On graduate labor and the Yale commencement protest
On Monday, Peter Salovey, president of Yale University, strode down the tree-lined streets of downtown New Haven, garbed in voluminous robes, a massive pendant, and a velvet cap with a gold, dangling tassel. Before him walked a scowling bulldog puppy that strained against its leash. Handsome Dan XVIII, the university’s mascot, was processing in his first commencement, and both figureheads were being very, very good boys.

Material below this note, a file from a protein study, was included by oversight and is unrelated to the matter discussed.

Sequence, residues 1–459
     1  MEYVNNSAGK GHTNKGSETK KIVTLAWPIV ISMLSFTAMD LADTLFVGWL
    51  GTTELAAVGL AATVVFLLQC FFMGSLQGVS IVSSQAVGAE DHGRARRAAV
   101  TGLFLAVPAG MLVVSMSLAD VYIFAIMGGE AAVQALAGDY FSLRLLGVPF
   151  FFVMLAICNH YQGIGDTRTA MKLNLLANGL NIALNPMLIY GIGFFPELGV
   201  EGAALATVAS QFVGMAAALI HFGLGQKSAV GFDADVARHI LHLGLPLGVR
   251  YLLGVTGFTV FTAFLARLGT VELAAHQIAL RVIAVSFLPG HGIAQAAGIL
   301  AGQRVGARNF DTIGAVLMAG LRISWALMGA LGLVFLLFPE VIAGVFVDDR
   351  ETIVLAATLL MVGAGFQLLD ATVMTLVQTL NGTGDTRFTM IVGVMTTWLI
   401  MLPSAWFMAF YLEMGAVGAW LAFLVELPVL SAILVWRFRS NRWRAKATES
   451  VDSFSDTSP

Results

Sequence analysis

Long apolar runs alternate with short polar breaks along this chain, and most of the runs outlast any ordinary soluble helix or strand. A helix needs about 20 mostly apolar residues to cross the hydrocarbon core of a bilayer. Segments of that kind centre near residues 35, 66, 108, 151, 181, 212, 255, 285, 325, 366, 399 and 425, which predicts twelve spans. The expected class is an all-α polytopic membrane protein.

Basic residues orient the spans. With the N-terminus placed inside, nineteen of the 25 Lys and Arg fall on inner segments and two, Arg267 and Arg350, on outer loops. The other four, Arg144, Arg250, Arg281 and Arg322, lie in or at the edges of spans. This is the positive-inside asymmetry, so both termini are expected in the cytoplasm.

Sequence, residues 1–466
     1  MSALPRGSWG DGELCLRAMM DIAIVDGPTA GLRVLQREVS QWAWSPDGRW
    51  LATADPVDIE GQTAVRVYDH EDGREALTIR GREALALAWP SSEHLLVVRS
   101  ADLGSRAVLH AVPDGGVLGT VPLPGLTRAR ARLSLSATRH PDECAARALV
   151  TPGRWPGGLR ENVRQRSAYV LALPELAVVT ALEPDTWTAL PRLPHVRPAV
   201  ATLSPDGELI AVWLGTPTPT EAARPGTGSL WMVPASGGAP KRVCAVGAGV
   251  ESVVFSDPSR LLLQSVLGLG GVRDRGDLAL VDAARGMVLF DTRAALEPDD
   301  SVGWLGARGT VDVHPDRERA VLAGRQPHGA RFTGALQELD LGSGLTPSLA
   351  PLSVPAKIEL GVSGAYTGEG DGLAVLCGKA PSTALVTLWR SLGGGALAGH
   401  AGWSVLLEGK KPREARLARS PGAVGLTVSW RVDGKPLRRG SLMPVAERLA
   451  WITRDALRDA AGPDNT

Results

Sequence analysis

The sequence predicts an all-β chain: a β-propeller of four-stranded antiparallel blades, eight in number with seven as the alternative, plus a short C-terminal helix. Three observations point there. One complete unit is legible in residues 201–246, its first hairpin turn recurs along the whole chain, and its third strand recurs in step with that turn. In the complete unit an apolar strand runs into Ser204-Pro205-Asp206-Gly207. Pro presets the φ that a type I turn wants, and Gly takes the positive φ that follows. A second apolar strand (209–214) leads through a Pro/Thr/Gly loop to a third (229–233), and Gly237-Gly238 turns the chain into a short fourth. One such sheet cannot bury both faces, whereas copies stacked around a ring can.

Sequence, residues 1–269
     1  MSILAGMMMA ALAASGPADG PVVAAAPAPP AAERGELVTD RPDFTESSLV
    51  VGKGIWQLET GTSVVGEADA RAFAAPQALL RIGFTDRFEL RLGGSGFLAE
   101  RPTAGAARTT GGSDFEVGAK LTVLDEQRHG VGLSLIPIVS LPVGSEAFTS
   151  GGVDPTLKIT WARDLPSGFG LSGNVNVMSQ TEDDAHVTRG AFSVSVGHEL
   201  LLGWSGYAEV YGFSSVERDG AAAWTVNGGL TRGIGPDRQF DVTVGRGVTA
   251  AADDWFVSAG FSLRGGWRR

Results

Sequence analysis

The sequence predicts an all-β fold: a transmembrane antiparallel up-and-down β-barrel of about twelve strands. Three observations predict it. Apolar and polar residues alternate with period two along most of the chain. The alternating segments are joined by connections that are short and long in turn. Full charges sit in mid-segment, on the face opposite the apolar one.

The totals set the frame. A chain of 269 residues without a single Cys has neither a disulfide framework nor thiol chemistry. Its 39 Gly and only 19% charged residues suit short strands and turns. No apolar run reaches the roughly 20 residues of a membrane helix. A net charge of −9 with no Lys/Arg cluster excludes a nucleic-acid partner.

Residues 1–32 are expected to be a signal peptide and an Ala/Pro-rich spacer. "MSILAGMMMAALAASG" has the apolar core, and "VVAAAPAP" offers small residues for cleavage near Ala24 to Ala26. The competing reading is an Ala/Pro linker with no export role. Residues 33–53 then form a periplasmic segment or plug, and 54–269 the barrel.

This flood of black faces on screens both big and small is enough to summon the ghost of Hansberry, peddling her sanguine ’50s vision—but A Raisin in the Sun is a play about the dignified underclass, the downtrodden-but-upright proletariat, whereas Dear White People and Black-ish don’t dare to gesture—however idly—at the poor. These days, even the upright cannot be downtrodden, so the face of blackness thrust forth by both the TV series and the film is well-spoken, well-heeled, white collar.